To date, very little work has been done to model Fischer Tropsch Synthesis startup. In this study, finite difference approximation is used to model the intra-pellet reaction and heat transport. Finite element analysis was used to model the catalyst inter-pellet heat and mass transport. Vapor-liquid equilibrium was assumed to be attained at each pore, fugacity coefficients were used to develop a quantitative correlation. The goal was to estimate the time required to fill the catalyst pores. This time represents the unsteady transient phase which requires fine temperature control to avoid reaction run away in an actual working packed bed reactor.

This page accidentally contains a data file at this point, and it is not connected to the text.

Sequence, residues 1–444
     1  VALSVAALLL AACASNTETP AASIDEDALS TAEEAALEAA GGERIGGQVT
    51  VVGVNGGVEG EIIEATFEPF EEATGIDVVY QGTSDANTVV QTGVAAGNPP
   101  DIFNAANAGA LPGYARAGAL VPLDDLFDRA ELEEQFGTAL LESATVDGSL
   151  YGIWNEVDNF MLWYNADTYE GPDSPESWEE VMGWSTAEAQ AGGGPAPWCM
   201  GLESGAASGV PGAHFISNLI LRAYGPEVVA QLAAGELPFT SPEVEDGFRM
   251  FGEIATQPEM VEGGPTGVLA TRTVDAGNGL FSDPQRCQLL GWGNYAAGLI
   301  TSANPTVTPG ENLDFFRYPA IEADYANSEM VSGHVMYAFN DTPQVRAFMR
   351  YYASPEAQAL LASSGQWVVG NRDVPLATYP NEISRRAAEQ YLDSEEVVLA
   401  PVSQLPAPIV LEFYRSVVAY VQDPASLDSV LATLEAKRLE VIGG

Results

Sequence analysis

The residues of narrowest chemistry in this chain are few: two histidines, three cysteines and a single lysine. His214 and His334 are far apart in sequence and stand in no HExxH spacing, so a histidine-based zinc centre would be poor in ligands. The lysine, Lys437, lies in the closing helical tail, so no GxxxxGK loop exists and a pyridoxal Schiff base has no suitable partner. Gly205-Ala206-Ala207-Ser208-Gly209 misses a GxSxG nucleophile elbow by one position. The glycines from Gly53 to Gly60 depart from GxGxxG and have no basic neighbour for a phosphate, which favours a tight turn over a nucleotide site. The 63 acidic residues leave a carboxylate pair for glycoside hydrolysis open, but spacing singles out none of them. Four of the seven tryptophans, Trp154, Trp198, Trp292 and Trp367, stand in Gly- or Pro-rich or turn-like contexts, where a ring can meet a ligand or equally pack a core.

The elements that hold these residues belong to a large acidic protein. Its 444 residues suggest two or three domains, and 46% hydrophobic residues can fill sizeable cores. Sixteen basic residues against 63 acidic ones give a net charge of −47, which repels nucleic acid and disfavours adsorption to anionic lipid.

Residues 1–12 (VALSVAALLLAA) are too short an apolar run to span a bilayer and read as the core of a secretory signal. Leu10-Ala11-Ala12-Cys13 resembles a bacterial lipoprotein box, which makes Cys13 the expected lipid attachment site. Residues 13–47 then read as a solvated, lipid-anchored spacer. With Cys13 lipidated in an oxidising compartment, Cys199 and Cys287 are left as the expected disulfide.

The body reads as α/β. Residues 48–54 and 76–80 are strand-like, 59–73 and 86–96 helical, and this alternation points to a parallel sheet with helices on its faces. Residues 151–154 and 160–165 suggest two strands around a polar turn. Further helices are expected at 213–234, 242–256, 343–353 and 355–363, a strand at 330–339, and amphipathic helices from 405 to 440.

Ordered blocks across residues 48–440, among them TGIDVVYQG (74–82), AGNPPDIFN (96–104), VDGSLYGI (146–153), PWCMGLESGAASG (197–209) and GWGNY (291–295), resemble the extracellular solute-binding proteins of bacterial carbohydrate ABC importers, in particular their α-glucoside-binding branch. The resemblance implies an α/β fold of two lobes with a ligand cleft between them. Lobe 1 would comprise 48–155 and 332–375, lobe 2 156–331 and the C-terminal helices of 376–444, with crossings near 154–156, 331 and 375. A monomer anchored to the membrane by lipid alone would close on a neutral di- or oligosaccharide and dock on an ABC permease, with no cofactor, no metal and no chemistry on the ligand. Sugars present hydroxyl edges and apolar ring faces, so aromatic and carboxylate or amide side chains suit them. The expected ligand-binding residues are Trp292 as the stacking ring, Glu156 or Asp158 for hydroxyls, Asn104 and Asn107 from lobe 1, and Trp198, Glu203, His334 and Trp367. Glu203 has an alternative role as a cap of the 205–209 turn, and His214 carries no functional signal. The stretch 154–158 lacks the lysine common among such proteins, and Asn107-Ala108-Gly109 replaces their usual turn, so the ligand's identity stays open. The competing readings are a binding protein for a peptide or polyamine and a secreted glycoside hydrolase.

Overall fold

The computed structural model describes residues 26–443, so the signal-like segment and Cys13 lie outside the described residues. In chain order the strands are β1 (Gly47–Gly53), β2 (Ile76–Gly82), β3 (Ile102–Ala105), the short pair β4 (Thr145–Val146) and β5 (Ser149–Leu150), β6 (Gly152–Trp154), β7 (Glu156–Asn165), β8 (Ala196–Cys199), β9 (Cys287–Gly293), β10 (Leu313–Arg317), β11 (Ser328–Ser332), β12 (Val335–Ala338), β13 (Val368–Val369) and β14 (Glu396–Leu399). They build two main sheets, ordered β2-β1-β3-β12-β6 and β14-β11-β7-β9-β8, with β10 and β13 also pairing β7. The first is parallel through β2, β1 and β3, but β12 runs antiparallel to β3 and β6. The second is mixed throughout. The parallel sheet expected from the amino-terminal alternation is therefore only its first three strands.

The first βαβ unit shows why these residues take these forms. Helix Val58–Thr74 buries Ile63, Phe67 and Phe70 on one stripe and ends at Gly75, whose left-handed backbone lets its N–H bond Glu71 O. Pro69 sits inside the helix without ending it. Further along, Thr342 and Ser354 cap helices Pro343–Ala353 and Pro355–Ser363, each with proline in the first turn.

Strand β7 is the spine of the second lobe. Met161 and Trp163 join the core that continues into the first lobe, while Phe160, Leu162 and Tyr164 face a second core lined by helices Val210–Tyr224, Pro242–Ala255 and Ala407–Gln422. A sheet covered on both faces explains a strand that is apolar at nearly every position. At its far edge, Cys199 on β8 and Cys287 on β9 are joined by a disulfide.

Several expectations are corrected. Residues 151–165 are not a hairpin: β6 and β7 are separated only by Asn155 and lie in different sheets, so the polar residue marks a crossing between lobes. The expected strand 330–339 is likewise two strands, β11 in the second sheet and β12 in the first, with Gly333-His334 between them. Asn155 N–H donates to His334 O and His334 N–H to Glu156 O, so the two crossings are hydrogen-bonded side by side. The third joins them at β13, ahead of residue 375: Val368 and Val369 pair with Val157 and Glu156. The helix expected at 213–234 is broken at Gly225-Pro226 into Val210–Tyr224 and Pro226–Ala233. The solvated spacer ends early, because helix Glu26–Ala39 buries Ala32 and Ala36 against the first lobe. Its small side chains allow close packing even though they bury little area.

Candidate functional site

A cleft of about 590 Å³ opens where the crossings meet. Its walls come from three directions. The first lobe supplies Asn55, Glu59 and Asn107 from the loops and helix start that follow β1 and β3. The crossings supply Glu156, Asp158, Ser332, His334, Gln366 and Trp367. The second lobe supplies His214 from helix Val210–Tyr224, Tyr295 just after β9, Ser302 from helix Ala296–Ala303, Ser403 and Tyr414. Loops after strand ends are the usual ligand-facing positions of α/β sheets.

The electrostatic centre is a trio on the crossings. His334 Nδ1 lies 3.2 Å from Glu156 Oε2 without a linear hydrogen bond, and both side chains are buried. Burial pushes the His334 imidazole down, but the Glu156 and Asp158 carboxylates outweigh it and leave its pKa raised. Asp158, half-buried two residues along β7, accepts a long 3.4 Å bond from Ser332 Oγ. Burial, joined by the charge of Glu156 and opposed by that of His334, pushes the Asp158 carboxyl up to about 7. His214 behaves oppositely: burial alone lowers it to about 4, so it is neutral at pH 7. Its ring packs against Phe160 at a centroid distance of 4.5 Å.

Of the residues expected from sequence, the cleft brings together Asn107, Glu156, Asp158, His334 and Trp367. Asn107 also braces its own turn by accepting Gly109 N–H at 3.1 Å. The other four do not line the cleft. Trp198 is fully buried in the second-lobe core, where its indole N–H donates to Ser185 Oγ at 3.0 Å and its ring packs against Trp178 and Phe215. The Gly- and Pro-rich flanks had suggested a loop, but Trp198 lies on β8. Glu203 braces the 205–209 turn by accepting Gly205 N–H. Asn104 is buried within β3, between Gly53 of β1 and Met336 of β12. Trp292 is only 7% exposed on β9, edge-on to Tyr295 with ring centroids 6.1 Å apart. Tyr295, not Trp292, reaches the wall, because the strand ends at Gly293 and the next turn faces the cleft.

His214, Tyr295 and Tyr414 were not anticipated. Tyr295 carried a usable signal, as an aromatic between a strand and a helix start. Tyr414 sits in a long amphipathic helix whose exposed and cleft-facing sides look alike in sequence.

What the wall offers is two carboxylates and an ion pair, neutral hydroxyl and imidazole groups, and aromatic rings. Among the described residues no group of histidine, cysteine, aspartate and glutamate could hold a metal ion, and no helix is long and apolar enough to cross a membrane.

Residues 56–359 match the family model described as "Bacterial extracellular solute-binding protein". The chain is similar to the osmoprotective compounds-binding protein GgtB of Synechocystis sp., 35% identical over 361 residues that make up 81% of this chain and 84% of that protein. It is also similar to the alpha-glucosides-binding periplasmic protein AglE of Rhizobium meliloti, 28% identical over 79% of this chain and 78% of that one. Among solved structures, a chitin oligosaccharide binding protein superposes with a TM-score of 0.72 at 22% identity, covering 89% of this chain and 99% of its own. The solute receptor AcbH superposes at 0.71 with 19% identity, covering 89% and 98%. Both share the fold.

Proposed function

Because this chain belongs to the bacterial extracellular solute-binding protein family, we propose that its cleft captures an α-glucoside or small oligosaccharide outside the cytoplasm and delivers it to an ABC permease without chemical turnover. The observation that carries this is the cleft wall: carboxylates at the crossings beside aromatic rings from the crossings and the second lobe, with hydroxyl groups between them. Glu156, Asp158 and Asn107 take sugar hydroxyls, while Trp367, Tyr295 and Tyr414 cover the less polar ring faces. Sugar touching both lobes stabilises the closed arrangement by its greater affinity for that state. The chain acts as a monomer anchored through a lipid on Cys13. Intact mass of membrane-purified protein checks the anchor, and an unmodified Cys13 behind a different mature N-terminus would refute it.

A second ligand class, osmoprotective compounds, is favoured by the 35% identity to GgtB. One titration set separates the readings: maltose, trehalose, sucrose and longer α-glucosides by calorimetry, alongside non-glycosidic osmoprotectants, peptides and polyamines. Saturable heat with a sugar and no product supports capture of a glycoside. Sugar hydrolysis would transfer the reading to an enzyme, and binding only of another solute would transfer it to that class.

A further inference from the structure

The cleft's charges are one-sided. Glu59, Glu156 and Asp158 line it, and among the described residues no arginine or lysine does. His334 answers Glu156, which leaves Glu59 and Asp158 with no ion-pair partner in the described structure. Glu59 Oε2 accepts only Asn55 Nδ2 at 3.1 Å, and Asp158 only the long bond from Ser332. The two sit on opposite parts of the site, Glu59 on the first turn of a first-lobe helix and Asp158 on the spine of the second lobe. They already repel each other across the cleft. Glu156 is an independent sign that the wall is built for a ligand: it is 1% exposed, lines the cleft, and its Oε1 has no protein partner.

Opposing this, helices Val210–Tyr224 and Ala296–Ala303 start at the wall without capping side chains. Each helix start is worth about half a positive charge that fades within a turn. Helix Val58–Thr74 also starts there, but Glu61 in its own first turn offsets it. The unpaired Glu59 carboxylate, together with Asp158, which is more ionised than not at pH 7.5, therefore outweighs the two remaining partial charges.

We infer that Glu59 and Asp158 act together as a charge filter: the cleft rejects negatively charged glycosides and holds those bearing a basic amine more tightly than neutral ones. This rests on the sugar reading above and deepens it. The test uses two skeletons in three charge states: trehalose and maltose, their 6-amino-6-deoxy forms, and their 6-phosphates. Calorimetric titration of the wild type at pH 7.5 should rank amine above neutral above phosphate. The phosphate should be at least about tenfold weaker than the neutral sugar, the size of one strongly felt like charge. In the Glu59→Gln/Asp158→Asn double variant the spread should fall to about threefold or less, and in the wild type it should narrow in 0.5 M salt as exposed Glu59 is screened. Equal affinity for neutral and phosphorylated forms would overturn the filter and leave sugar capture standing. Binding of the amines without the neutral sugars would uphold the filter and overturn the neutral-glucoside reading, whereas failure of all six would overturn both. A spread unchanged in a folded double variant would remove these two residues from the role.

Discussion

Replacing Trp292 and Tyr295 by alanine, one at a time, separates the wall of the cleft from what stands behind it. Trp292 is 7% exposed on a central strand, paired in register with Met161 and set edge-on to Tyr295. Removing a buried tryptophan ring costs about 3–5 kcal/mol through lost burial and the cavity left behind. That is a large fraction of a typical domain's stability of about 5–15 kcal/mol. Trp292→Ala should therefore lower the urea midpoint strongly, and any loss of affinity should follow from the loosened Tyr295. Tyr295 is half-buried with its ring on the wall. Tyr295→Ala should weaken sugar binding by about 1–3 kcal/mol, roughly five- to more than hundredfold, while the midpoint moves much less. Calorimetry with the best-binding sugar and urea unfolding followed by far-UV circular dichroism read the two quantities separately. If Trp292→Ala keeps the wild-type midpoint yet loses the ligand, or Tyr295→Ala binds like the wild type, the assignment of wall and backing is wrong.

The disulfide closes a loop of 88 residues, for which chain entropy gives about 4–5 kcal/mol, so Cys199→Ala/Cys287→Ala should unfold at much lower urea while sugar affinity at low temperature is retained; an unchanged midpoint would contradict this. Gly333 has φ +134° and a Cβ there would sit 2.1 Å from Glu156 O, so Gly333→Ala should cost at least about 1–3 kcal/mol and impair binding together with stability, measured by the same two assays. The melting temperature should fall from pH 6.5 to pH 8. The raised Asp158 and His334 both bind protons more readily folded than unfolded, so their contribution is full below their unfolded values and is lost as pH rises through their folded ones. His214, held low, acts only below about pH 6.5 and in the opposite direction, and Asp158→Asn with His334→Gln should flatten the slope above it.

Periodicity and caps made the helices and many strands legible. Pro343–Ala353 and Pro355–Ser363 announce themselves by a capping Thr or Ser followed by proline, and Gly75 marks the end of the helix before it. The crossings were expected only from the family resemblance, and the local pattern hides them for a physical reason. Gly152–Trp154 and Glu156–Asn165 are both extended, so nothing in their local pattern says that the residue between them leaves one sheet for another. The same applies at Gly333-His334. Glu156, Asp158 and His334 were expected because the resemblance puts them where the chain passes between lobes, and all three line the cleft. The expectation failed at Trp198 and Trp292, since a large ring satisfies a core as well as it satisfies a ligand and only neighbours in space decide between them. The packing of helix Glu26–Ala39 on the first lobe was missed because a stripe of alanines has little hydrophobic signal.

In the resulting kinetic model, coupled material and energy balance are used to assess the optimum reactor startup procedures. Another goal is to identify the impact of different types of inert packing used to control heat transfer and conversion in the fixed bed reactor with a view towards avoiding the hot spots and steep temperature gradients. The combined effect of heat transfer and kinetics present a challenging problem for both the bed design and for optimal startup procedure.